My Inbox is regularly flooded with emails from people asking for advice on the purchase of a vintage horn that they’re either considering, or have just made. It is always a little tough to give people information about a sax that I have no first hand knowledge of.
However, what I can do, is give the person some general information about the brand and model that they’re considering—or have just bought—and can at least let them know what kind of sax it is, or what type of player it was aimed at (student/intermediate/pro). I usually conclude by giving them an idea of what similar horns in similar condition have sold for, or by providing them with the tools on how to do this for themselves.
I’m sure that sometimes my answers are not welcome news, but I can’t help that. I just tell it like it is, and link to other sources to backup what I’m saying.
Something I often write in my emails, is my own philosophy about the purchase of vintage saxophones¹. While not necessarily profound, I thought it was worth sharing here, because some of it might resonate with some of you, and help you make a decision about that next, new-to-you horn purchase.
I never buy a vintage horn with the eye to selling it again. I buy it with the intention of playing and keeping it for the long term. So if it needs work, I factor that into my original plan. I know that sometimes I will spend more on the combined restoration and purchase price than it would cost me to get another horn, but I go into that with my eyes wide open. I’m doing so for a reason.
Usually the reason is that the particular sax in question—the one I’m planning on having restored—has a tone that is very different from all my other horns of the same voice. In other words, I would not knowingly restore a tenor for example, that sounds the same, or similar, to another tenor that I already have. The same holds true for any other voice of saxophone as well.
I have extremely high standards for my horns. I use them as gigging horns, so all of them have to be ready to go out and solo and/or front a band on a moment’s notice. That of course costs much more than just having the horn be “playable”.
Currently I’m facing a dilemma with an alto I have. Do I restore it? Do I not? If I restore it, it will cost me more than I can sell the sax for. The problem is, since the horn is currently not playable, I have no idea what the sax will sound like when it’s done. The few notes it can play are really not indicative of what its true tone will be once restored. I currently have 3 very distinctive alto voices, and a 4th would be lovely, but it needs to be totally unique.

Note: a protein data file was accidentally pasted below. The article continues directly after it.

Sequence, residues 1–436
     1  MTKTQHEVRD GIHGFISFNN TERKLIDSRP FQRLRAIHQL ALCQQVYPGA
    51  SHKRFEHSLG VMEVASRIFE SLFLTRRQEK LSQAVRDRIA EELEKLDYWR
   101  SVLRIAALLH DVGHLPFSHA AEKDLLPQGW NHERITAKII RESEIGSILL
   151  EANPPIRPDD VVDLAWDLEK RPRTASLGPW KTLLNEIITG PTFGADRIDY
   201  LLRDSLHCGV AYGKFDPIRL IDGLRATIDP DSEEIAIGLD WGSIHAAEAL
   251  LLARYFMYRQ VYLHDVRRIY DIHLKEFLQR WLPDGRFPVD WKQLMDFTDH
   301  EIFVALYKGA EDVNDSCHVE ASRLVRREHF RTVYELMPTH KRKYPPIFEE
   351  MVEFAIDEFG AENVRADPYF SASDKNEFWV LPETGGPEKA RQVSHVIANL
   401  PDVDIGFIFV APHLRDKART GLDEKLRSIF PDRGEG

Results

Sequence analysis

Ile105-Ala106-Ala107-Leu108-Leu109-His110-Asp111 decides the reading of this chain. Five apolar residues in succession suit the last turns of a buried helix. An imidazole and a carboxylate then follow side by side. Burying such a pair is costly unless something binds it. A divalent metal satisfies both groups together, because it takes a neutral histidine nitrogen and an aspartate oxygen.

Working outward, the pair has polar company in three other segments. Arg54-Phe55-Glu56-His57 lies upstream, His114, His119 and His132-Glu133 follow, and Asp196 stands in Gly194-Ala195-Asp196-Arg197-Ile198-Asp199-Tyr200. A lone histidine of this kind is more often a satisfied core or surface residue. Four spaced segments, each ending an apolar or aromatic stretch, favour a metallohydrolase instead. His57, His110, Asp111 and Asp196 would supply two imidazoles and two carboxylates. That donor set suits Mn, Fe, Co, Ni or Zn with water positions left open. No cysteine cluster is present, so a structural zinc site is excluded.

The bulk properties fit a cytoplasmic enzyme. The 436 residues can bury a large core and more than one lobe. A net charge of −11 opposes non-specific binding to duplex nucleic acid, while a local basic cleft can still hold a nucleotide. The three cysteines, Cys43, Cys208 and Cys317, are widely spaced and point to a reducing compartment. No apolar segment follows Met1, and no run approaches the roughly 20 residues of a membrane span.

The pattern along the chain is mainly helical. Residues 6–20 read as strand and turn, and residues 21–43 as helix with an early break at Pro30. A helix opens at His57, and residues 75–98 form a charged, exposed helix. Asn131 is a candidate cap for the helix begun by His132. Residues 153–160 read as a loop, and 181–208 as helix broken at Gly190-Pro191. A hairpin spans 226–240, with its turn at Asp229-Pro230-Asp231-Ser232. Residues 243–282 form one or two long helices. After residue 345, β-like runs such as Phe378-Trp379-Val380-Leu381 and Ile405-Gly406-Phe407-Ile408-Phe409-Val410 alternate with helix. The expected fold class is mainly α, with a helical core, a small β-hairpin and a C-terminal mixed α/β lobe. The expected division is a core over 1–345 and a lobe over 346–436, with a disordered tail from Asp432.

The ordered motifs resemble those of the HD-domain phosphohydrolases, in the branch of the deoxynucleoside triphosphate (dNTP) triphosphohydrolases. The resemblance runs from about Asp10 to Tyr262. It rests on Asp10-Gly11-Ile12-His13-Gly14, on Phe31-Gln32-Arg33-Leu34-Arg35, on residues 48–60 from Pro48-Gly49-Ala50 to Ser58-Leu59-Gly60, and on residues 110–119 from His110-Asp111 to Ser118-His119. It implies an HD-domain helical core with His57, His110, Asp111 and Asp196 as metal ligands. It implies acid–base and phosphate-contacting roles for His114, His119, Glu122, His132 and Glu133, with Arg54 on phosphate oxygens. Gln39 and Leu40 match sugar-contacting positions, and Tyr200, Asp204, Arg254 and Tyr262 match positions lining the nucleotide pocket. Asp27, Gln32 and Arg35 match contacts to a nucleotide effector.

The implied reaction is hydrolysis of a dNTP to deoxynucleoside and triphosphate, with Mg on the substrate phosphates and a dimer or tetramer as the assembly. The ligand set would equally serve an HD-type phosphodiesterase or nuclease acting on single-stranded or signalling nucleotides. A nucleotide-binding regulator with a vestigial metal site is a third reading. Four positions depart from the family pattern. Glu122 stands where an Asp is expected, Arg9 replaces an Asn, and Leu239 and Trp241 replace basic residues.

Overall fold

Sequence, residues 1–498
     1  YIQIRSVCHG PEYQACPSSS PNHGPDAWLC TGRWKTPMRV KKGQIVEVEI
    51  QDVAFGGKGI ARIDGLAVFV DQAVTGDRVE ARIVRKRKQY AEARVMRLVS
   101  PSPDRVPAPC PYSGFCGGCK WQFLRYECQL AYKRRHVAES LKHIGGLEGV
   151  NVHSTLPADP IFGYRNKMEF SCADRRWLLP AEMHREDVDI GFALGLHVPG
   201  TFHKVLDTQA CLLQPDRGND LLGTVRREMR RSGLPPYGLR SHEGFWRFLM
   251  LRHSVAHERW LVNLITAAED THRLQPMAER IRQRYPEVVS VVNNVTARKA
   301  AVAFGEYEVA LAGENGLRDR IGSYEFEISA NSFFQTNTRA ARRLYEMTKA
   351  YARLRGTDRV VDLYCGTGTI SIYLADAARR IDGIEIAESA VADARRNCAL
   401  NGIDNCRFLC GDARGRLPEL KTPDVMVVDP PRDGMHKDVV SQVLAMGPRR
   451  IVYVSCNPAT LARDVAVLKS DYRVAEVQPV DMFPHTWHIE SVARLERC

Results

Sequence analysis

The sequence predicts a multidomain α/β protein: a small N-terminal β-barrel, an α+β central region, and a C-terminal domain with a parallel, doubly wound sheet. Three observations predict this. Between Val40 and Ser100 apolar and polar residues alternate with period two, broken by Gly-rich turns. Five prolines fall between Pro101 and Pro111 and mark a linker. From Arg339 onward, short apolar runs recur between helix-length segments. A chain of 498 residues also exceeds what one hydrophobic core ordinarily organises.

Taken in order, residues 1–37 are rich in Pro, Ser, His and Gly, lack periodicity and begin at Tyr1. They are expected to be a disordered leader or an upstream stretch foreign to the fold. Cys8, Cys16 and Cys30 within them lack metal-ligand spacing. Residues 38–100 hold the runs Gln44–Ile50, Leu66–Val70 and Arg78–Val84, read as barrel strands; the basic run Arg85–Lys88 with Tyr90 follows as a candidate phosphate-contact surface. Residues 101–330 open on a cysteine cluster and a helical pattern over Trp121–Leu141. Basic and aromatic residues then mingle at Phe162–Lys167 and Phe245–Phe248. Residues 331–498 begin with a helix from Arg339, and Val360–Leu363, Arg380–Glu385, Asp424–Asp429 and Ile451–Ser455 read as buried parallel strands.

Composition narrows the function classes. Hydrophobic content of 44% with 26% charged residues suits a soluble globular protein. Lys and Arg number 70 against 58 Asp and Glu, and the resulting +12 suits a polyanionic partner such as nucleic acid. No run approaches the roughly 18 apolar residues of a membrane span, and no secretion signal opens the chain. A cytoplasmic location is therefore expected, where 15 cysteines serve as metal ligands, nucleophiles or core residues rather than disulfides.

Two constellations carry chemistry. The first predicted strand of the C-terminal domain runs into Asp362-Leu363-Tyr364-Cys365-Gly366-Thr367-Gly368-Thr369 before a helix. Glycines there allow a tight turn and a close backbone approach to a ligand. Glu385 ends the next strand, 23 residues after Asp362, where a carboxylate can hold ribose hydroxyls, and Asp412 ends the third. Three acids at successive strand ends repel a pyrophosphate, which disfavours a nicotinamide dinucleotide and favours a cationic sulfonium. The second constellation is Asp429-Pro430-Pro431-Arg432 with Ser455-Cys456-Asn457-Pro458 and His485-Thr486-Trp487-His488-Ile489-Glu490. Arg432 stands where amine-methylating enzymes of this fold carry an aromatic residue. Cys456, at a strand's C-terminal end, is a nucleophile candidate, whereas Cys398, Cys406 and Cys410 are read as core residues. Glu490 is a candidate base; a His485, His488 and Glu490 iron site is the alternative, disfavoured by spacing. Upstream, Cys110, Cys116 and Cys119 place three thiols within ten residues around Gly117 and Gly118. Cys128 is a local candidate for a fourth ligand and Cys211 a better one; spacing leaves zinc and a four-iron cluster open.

I think the biggest, single piece of advice I can give somebody is: Don’t buy a vintage horn unless you’re at least an intermediate player.
The Challenges Of Playing Vintage Horns
Vintage saxes are lovely in their own right, but they are not without their problems. Quirks in intonation and ergonomics are 2 of the biggest reasons why vintages saxophones are not for everyone.
I always recommend that my beginning students start out with a modern horn. Once they have mastered enough of the instrument to understand it well, and have developed a good enough technique that they can play it over its entire range from pp to ff with decent fluidity, then they might consider a vintage sax as their next horn, instead of a modern one.
However, the student would need to have an expressed interest in vintage horns. I certainly would never be the one to suggest that they consider buying one.
With vintage saxophones there is also the pitfall of high pitch horns to watch out for. I recently received an email from someone who sent me photos of a lovely Pierret Super Artiste 47 baritone. The horn is gorgeous. The problem is, it’s HP. The person didn’t know that when they bought it a number of years ago.
My Evette & Schaeffer bari shares a similar story. It too was bought by someone who didn’t know it was a HP horn, and it sat in its case for the last 60+ years.
So while I have a predilection for vintage saxophones, I would remind everyone that they are most definitely not for all players.
Get The Input Of Your Instructor
While online sources like eBay make vintage horns more accessible than ever before, they also open up the possibility for novice players to get themselves into trouble, by not knowing what they are getting themselves into.
The best way to avoid this potential trouble, is to work with your saxophone instructor and figure out what to do. Don’t let online sources be your only resource.
Online resources can be a really usefully augmentation to your real life resources, but they should never be a substitute for them.
¹ Just a clarification on language. When I use the term “vintage” horn or sax, I am referring to an instrument that was built as a professional model, to meet what were deemed the professional standards of its day.